The Renewable Heat Incentive (RHI) scheme is designed to encourage the adoption of renewable energy technology across the UK. It’s intended to help the Government meet its 2020 target of 12 per cent of heating coming from renewable sources.
The first phase, launched in November 2011, was aimed at ‘non-domestic’ installations across both the private and public sectors. On the 9th April a second phase aimed at ‘domestic’ households was launched.
The scheme provides financial incentives for the take up renewable heating systems, such as air and ground source heat pumps, biomass systems, and solar thermal technologies. Tariffs vary depending on the technology installed, but allow householders to get paid for generating their own heat.
Who will benefit from the Domestic RHI?
RHI is primarily aimed at the 3 million households not connected to the gas grid, many of which rely on expensive heating oil. It is likely to particularly benefit those with biomass boilers.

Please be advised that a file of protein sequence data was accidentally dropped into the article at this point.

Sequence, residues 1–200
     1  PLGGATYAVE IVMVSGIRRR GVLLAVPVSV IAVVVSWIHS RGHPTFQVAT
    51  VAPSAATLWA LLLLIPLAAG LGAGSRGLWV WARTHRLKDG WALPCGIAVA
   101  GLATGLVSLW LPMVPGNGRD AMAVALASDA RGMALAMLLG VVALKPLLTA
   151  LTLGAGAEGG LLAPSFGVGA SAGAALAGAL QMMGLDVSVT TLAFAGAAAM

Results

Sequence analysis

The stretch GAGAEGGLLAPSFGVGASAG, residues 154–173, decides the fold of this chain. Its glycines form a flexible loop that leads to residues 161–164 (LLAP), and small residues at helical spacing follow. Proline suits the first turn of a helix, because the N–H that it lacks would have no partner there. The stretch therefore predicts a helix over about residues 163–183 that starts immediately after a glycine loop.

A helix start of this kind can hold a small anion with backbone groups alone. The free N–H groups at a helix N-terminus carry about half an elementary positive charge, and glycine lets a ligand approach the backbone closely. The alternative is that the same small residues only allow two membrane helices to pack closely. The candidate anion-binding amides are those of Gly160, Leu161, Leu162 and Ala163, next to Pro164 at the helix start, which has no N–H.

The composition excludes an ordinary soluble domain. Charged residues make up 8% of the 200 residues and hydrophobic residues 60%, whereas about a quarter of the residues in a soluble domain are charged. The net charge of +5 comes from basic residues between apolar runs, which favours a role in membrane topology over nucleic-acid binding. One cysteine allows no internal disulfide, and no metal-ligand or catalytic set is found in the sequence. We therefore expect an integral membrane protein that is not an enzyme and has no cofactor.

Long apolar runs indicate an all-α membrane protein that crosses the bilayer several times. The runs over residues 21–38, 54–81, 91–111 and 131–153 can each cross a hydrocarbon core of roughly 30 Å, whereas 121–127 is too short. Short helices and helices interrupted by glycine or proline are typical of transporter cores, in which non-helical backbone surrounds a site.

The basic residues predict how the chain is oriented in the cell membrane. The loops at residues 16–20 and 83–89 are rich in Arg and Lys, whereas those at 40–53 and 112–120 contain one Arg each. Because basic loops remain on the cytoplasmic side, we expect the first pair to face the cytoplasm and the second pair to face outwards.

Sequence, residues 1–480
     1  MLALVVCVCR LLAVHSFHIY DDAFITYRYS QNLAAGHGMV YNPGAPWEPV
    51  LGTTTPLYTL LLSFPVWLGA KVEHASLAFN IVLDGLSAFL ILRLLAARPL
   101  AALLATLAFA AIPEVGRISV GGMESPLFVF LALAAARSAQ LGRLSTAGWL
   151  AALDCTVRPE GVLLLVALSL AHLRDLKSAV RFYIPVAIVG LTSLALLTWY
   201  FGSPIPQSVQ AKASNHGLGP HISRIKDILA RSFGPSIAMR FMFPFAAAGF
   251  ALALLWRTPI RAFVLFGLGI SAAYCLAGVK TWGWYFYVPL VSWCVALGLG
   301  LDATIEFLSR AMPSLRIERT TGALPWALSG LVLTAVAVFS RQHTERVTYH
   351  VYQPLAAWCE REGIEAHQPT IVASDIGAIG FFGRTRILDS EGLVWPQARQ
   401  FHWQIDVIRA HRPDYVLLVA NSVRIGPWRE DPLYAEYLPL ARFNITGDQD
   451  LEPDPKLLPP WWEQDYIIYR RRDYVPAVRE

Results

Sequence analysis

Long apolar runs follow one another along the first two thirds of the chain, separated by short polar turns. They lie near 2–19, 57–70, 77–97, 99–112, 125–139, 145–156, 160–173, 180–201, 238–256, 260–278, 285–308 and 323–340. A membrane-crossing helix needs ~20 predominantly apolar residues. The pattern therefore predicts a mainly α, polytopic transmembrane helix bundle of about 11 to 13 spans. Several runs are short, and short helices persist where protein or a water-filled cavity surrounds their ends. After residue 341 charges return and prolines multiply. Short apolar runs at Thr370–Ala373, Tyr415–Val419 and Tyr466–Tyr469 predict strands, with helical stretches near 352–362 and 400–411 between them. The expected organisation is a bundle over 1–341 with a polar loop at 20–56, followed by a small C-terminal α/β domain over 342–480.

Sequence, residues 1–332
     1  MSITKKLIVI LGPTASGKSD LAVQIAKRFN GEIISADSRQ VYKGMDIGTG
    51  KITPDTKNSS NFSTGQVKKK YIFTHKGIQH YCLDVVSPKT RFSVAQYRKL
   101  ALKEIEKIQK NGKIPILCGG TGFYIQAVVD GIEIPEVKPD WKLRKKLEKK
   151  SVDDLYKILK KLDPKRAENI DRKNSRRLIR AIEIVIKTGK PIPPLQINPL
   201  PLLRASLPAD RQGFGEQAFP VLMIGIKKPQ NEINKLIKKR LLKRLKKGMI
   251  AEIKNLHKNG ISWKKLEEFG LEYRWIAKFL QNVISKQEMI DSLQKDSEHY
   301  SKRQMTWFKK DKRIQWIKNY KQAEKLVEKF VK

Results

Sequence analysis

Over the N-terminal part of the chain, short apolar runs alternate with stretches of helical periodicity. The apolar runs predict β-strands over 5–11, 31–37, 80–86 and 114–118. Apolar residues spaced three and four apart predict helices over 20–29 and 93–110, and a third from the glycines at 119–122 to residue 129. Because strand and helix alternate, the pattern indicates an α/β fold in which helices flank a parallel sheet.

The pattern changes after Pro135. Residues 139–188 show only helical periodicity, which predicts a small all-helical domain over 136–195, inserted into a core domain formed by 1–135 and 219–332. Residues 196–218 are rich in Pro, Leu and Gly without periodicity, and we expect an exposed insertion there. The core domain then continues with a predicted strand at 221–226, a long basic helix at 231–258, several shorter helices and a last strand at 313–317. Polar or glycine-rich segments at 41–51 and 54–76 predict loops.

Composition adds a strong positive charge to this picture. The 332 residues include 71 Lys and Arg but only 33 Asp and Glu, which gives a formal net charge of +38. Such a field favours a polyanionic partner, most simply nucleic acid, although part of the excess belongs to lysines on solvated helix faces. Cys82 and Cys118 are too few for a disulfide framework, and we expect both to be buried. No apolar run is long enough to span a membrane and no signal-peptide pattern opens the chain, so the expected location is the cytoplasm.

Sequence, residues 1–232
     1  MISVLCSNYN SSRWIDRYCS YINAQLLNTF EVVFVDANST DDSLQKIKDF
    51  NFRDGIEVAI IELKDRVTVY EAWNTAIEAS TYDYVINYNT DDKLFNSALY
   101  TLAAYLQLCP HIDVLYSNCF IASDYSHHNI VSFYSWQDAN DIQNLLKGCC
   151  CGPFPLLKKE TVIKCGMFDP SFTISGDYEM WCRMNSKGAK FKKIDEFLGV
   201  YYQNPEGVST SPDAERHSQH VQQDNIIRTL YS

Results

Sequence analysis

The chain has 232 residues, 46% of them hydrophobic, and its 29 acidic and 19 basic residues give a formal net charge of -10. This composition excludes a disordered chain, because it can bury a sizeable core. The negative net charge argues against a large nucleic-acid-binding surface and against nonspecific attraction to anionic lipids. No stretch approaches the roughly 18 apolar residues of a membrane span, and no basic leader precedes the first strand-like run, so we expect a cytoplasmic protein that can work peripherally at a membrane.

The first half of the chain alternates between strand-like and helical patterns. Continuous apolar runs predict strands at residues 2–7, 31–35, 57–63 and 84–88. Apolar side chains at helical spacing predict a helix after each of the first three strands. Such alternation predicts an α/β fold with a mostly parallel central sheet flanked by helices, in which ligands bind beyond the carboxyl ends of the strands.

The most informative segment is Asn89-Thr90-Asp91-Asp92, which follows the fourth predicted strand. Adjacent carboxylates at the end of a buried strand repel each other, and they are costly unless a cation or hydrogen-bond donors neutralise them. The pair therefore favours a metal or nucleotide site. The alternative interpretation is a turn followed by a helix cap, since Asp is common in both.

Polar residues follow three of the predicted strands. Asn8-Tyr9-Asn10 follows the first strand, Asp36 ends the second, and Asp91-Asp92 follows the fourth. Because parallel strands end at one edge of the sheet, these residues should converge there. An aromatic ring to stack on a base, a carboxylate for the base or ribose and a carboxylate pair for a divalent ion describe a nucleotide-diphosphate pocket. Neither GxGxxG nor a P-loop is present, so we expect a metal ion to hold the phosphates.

The scheme is also likely to spark interest from householders that don’t currently benefit from renewable heating technology, and lead to an increase in sales enquiries for retailers. Being able to offer interest free and/or low interest bearing loans to customers provides them with repayment choices. And for many, the option of affordable monthly finance will make renewable technologies even more attractive.
The RHI scheme is open to householders, private landlords and providers of social housing who have installed eligible technology since 15th July 2009. Applicants that meet the eligibility criteria will receive quarterly payments for seven years – although recipients of any grants will have the grant’s value deducted.
The scheme only applies to England, Scotland and Wales. You can read the eligibility criteria by clicking this link to Ofgem’s website.